On paper this record always looked impressive. Largely it has also constrained space for most of the banned militant organizations. Yet, the seminaries and mosques that many organizations ran under new names (Rehmat Trust for example for JeM) continued to thrive, draw donations, support from local politicians as well as officials.

JuD and its affiliates did the same, including collecting hides and cash donations even in Islamabad – despite the February 2018 announcement that its entire infrastructure had been taken over by the government, only a couple of days ahead of the Paris meeting of the Financial Action Task Force (FATF).

The same happened this year; on the eve of another FATF review meeting, the Punjab government announced to take over the JeM headquarters in Bahawalpur. However well-meaning it may have been, but outsiders took it as an attempt to hoodwink the observers, raising serious questions about the move.

And we should not forget that Jaish-e-Mohammad has been at the centre of Pakistan’s stand-off with India for over a decade; beginning with the terrorist attack on the Indian parliament in Dec 2001 to the Jan 2106 Pathankot and September Uri raids, the JeM has been omnipresent – regardless whether rightly or wrongly.

This has haemorrhaged Pakistan’s image all over the world as much as claims of similar acts by Lashkar e Taiba. This gives Islamabad all the more reason to neutralize and disband these organizations ASAP.

How can the state tolerate outfits that continue to hurt Pakistan internationally more than anything else?

Isn’t it about time to terminate the red herring that is being used to drag and muddy Pakistan’s image?

Given the existing desire for doing so, this will be achievable only through a united and pro-active civil-military leadership. They shall have to ‘walk the talk’ through demonstrable indiscriminate actions against all non-state actors.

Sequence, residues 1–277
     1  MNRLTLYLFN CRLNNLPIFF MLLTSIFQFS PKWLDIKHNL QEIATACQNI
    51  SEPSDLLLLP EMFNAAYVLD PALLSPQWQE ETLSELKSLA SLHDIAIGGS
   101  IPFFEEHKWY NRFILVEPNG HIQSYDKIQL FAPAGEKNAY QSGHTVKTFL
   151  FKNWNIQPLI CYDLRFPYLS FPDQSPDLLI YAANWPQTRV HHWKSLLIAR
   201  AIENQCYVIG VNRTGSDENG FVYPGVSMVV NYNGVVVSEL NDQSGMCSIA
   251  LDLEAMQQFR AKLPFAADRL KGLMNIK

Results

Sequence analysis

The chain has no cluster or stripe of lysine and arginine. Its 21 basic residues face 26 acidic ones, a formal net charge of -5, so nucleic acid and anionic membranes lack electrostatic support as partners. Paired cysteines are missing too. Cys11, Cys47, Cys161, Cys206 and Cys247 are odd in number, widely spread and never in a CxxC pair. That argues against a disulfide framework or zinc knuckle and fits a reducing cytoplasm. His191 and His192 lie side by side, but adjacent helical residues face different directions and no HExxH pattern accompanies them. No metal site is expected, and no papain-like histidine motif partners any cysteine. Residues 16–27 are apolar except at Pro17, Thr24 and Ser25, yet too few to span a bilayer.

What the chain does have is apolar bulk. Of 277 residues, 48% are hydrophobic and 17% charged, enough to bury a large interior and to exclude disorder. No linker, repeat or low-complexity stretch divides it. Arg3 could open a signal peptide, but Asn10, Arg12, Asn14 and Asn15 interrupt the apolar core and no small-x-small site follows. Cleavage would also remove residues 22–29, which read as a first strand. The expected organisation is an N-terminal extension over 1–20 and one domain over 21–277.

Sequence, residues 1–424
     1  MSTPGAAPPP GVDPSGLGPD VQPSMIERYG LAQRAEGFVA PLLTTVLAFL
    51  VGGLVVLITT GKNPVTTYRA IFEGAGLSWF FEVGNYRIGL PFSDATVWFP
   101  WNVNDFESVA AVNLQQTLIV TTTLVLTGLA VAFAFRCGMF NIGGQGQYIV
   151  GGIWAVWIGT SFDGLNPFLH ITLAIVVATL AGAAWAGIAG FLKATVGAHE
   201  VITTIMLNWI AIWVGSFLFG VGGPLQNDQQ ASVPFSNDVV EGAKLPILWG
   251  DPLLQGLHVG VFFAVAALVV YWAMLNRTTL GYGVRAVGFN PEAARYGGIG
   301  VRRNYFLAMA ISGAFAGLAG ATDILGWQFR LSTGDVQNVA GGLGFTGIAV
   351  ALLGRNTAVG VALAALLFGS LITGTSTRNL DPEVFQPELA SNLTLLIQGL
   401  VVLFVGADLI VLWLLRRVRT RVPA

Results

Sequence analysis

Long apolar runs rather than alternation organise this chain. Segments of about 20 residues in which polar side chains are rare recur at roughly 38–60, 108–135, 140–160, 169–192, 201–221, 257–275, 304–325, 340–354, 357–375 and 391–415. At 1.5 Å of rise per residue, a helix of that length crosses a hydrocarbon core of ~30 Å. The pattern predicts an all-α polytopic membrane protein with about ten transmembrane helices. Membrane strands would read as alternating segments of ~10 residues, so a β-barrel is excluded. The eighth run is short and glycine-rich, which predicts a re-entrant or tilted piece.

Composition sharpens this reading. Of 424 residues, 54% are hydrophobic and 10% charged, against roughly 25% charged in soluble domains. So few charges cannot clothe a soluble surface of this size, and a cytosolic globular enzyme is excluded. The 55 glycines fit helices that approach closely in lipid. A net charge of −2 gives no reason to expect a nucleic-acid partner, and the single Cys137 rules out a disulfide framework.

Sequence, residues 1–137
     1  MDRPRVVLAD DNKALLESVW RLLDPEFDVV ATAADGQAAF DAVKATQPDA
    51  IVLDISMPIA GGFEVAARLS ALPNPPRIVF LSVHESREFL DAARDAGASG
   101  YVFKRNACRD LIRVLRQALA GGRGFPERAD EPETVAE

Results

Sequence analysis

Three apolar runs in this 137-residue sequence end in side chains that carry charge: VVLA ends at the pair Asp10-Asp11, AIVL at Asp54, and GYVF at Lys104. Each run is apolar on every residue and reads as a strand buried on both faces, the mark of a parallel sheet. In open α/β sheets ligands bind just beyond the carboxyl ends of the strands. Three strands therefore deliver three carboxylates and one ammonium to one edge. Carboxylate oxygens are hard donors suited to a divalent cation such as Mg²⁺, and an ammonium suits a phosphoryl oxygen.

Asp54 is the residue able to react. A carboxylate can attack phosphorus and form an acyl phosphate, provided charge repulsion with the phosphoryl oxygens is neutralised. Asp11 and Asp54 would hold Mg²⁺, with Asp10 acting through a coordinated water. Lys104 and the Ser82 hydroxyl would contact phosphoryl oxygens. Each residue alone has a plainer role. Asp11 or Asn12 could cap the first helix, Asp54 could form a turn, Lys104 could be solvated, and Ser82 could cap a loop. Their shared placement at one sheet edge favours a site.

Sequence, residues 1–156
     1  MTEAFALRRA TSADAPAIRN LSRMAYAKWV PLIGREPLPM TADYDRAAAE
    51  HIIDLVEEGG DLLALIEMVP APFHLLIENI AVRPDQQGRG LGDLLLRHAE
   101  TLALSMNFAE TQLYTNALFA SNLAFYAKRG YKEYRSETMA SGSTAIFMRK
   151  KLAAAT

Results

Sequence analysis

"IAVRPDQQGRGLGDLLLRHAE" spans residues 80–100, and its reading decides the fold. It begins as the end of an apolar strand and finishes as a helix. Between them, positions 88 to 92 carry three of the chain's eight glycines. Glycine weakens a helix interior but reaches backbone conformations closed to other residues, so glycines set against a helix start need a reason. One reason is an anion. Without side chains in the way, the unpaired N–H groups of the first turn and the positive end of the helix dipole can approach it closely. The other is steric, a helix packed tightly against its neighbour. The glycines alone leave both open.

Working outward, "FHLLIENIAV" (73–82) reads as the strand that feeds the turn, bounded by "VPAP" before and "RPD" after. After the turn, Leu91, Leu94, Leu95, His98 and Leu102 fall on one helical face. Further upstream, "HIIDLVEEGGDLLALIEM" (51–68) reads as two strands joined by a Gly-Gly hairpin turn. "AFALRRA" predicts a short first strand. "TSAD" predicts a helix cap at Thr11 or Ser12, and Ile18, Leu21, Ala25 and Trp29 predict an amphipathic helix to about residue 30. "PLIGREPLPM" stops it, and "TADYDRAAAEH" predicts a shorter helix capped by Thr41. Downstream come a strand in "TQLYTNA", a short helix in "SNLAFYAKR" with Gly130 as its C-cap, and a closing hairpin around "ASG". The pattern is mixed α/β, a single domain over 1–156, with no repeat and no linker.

However, at this point in time, when Pakistani showing its seriousness in curbing extremism and militancy, the International community also needs to fulfill its duty of pressuring India on the latter’s human rights violations in Indian occupied Kashmir (IoK). India and the international community cannot continue to externalize all of New Delhi’s problems on Pakistan.  

None of the “global powers” have said much over India’s oppression in the IoK; their economic interests in the ‘1.3 billion India’ far outweigh the interests of a few million Kashmiri Muslims. Yes, they would certainly have raised hell had these this oppression and these human rights violations obstructed their economic and commercial interests. 

In conclusion, on domestic front, for achieving our development-focused objectives, we do need smart, proactive policies for a process, and not one-off actions under external pressures. We also know that the General Headquarters has been resonating with the realization that economic development was the only panacea for many of Pakistan’s woes. Even a rethink on relations with India as well as on ties with Israel has also been discernible “if we want to transition from a security to normal state.”